“So that’s what I’m talking about. Nanobots are very well designed. They are efficient, powerful, and have lots of safety constraints.
“Now think about our aliens’ plan. Use the native animals to contribute to their own destruction, and then take no precautions when connecting to their brain cells.
“I mean, they must have thought about the possibility of host brains feeding their own orders into the system—otherwise why have this asteroid failsafe system in place for that eventuality.
“Okay, I grant it’s a plan, but why not just make a rule to never connect to a brain any larger than a frog’s. 
“If the nanobots are really the aliens’ technology, why not make them loyal? From what we’ve seen, nanobots take orders from you, and maybe even Ruben! How hard would it be to add a security code? Dumb!”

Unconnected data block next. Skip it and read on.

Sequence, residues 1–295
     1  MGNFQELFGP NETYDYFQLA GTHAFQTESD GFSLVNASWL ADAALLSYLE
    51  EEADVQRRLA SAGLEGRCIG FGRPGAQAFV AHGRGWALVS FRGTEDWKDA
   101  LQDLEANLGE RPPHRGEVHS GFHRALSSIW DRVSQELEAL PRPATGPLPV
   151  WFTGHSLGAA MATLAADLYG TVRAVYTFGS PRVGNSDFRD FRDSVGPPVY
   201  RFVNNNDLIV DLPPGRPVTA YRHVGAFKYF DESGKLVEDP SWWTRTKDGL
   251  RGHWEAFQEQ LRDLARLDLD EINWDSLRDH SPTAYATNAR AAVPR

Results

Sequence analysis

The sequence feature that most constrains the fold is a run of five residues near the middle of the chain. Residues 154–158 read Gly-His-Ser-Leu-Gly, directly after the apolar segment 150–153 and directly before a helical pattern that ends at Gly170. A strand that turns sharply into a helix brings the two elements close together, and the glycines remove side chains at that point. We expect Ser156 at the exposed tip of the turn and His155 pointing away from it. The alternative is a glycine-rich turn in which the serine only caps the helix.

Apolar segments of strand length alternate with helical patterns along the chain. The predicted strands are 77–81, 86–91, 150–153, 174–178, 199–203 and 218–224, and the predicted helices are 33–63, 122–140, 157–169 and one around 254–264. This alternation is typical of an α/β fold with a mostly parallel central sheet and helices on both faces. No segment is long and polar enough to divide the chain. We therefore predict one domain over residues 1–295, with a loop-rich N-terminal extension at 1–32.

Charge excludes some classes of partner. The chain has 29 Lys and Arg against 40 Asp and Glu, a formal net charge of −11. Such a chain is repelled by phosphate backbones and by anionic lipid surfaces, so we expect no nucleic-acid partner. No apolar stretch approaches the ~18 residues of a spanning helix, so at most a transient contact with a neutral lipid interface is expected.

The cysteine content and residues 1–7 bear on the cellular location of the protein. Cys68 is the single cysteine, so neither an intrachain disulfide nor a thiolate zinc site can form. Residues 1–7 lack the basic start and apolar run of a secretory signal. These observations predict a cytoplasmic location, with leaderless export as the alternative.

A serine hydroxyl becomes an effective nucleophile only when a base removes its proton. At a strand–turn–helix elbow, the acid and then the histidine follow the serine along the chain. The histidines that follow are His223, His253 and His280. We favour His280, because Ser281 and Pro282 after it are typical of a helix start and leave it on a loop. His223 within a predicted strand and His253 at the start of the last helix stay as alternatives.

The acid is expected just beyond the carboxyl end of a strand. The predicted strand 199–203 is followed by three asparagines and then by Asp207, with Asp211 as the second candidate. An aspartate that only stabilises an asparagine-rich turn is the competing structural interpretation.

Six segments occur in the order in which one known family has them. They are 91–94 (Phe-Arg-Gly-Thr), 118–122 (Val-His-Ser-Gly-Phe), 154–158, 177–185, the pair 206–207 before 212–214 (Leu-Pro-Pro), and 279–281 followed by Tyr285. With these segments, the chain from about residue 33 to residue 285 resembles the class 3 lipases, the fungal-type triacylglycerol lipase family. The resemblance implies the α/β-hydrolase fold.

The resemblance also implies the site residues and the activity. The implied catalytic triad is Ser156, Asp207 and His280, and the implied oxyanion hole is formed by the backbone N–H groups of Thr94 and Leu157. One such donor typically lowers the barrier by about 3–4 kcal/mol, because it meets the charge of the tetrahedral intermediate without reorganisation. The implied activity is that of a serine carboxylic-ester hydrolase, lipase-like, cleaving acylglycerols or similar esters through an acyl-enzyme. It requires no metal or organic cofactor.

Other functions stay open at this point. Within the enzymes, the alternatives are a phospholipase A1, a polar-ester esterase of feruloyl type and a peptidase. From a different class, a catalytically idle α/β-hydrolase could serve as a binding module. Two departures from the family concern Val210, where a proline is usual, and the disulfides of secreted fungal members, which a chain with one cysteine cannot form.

He pointed to the screen, “This one?”
She gasped. “Yes. That’s it.”
On the screen, an animated image of the spindle-shaped rock tumbled end over end. The text described its mapping. On its previous closest approach to Earth, scientists had used the Arecibo radio telescope in Puerto Rico to map the two-mile long worldlet.
“It looks pretty deserted,” she said. Craters covered the terrain.
“The closest details they have are still hundreds of meters across. We’re not going to see anything.”
He frowned at the image.
“But I just don’t see how they’re going to make it hit the Earth. According to this orbital projection, it will make a close approach to the Moon shortly, but it will come nowhere near here.”